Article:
Dezeen Magazine

Six designers reimagine traditional Korean mother-of-pearl craft for modern life

Marcel Wanders, Stefano Giovannoni and Elena Salmistraro are among a group of international designers to have put a contemporary spin on the traditional Korean craft of mother-of-pearl inlay, in a collaboration with local artisans.

The six designers were commissioned by South Korea's Duson Gallery to produce a series of coffee tables in conjunction with artisans from the Tongyeong area, which is renowned for its work with mother-of-pearl, known in Korean as "jagae".

The resulting pieces were shown in the exhibition Mother-of-Pearl Tables at the Triennale Milano during Milan design week.

Mother-of-pearl Tables exhibition by Duson Gallery at the Triennale di Milano
The Mother of Pearl Tables exhibition included work by Korean designer Younghee Cha

The Duson Gallery aimed for the project to ensure the future of the craft of "najeon" or "najeon-chilgi", which involves inlaying mother-of-pearl into lacquered objects and has a history in the region dating back over 1,000 years.

"A lot of mother-of-pearl artisans think the technique is finished," Duson Gallery founder Yangsoo Kim told Dezeen. "But I'm trying to cheer them up. I really want mother-of-pearl to be one of the luxury materials."

"When we think about luxury items from the West, we think of Louis Vuitton or Hermes," he continued. "But 150 years ago, a lot of luxury came from China, the Qing Dynasty and Japan also. Now we have to make a balance of East and West in a globalised world."

Foglia mother-of-pearl tables by Studio Alessandro Mendini
Studio Alessandro Mendini developed the Foglia table from one of his sketches

The tables in the exhibition include a piece developed by Studio Alessandro Mendini from one of the late designer's sketches. Titled Foglia, it has a large jagae leaf inlaid into its black top and a contrasting pink and yellow star-shaped base.

The studio worked with Korean designer Younghee Cha to realise the piece, which then became the starting point for the gallery to invite a larger group of international designers to participate.

Those designers include Wanders, who created a black tub-shaped design titled Fiore Fossil with a black lacquered form almost entirely covered with inlay.

Wanders' aim with the piece was to create the effect of a pebble being sliced open to reveal its interior, recalling and honouring the source for mother-of-pearl, mollusc shells.

Mother-of-pearl Tables exhibition by Duson Gallery at the Triennale di Milano
Marcel Wanders' design is like a pebble sliced open to reveal its "true nature"

"This material is basically an oyster, it's basically a natural thing that's part of the sea," Wander told Dezeen. "So I didn't want it to just be a surface. Instead, I made this pebble that reveals its true nature if you slice it, and then this coral-type natural mural pops out."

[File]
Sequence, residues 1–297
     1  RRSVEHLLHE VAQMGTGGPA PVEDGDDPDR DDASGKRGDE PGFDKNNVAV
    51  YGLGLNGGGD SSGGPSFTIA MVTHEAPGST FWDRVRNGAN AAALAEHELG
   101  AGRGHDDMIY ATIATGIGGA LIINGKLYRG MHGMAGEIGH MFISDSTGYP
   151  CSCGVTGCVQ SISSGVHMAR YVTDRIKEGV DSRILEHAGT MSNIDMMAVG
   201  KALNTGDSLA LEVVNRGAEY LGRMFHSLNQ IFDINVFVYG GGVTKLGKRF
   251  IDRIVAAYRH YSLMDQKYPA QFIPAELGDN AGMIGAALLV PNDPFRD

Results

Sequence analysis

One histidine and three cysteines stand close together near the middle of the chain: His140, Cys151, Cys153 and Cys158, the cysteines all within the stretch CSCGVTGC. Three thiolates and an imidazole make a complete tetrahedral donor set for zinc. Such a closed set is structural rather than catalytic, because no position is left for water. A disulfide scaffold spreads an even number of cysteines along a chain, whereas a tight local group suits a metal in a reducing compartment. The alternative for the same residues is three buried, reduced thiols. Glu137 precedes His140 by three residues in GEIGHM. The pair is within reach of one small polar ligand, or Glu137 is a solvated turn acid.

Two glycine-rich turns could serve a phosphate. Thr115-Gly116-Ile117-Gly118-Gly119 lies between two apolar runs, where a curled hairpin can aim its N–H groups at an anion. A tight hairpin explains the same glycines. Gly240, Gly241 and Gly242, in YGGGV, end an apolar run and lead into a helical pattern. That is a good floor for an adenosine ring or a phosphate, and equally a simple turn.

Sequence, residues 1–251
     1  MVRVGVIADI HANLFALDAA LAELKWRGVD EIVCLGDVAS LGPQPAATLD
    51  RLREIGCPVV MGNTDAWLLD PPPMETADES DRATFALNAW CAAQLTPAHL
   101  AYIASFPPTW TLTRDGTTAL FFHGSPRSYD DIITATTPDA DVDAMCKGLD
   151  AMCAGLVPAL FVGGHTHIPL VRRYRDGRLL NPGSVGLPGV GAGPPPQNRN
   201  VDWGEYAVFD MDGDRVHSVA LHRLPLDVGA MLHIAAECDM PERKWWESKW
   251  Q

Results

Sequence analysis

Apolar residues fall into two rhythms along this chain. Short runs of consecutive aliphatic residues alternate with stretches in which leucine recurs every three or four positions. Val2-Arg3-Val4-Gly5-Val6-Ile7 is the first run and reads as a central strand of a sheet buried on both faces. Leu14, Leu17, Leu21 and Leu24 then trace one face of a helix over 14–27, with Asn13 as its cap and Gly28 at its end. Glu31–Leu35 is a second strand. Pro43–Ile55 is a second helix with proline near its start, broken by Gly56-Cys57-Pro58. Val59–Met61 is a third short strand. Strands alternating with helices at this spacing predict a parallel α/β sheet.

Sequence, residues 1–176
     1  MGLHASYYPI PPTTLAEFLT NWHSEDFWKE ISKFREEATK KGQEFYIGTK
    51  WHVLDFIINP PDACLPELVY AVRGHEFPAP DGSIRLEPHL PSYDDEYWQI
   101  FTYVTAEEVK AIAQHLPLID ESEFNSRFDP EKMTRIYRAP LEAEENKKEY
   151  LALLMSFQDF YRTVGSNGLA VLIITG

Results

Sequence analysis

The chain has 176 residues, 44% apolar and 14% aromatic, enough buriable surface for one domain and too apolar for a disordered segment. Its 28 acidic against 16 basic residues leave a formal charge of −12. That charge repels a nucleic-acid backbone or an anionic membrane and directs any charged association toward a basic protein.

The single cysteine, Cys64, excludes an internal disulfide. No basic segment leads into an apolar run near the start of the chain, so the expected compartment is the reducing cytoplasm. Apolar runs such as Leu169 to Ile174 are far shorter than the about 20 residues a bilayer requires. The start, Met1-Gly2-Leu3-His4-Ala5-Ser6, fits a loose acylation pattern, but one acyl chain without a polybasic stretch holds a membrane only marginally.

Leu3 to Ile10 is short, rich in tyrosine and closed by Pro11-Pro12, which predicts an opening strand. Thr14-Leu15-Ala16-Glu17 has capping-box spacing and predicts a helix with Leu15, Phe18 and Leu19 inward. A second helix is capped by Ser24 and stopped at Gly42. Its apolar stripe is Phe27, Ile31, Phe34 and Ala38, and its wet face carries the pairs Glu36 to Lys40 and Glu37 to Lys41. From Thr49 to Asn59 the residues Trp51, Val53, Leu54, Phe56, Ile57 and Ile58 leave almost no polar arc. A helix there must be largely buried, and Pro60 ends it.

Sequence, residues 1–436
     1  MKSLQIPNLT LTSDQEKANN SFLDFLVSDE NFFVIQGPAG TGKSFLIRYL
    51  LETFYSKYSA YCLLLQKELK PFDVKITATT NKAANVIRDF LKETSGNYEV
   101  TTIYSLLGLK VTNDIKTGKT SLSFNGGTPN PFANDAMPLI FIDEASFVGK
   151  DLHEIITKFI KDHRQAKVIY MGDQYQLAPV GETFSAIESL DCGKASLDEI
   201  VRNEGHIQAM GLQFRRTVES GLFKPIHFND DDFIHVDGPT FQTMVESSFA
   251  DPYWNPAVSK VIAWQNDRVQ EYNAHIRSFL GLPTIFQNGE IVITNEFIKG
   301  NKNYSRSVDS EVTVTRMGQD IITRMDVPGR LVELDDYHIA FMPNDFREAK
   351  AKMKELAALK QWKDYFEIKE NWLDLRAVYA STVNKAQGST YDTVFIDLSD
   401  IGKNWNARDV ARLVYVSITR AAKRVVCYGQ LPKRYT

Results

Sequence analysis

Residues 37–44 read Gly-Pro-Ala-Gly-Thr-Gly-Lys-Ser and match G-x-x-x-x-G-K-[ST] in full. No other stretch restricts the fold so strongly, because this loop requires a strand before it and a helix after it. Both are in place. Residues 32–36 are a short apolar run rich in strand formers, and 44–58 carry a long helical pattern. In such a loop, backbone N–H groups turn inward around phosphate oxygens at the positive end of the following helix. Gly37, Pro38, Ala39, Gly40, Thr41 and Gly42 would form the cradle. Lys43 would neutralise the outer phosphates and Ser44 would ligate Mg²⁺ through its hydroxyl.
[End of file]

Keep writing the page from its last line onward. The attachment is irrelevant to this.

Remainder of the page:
The most difficult of the designs for the artisans to make was Salmistraro's, which has a cyclone-like shape with a central void created through rotation. The form references a traditional Korean style of hat called a gat.

Mother-of-pearl Tables exhibition by Duson Gallery at the Triennale di Milano
Elena Salmistraro's Molan table was the most difficult for the artisans to realise

As well as complex and finicky inlay along its top and some side surfaces, the piece incorporates a circular pane of smoked glass that cuts through its trio of black laquered base forms, and that the Duson Gallery said underscores "the elegance and lightness of the object".

Giovannoni's contribution is Cherry Tree, inspired by the traditional arboreal symbol of the East. Its lacquered ash wood base is meant to recall the trunk of the tree, while the tabletop represents a sectional view of its branches, with a curving, winding pattern of jagae inlay.

Mother-of-pearl Tables exhibition by Duson Gallery at the Triennale di Milano
Stefano Giovannoni's design is based on a cherry tree

A departure from black laquer comes with designer Marco Zanuso Jr's Soban, which has a glossy red top with contrasting slatted wood legs and a scattering of circular inlaid pieces in different sizes. A reinterpretation of the traditional Korean tray table with the same name, Soban is also meant to nod to the Italian art of the 1960s.

The final design, Ocean, comes from Cha, who also assisted with Mendini's table. Her nesting tables feature two jagae motifs — one with a contour-like pattern of lines suggesting waves crashing on the shore, and the other with small geometric pieces meant to reference the look of shells at the bottom of the sea.

The designs are all available in limited editions of nine pieces per model. Each is complex to produce, with the najeon technique incoporating over 30 steps including preparing the base, carving indentations for the inlay and gluing the pieces in.

Wanders described it as a "very unique" and "excellent quality" craft, while Duson Gallery's Yangsoo Kim said jagae should be better known for its interesting properties.

Mother-of-pearl Tables exhibition by Duson Gallery at the Triennale di Milano
Marco Zanuso Jr's Soban table references 1960s Italian art

"Mother-of-pearl was originally exchanged as money so this was one of our first materials," said Kim. "Depending on the light and angles it looks totally different. Nobody can say what the colour is."

"Mother-of-pearl is a really traditional natural material but it has a character for the future."

Najeon is similar to the craft of marquetry, where complex patterns are created by inlaying veneers or other material, and which has in past years been revived by designers such as Jaime Hayon, who created a colourful pavilion using the technique, and Adam and Arthur, who designed a statuesque cabinet.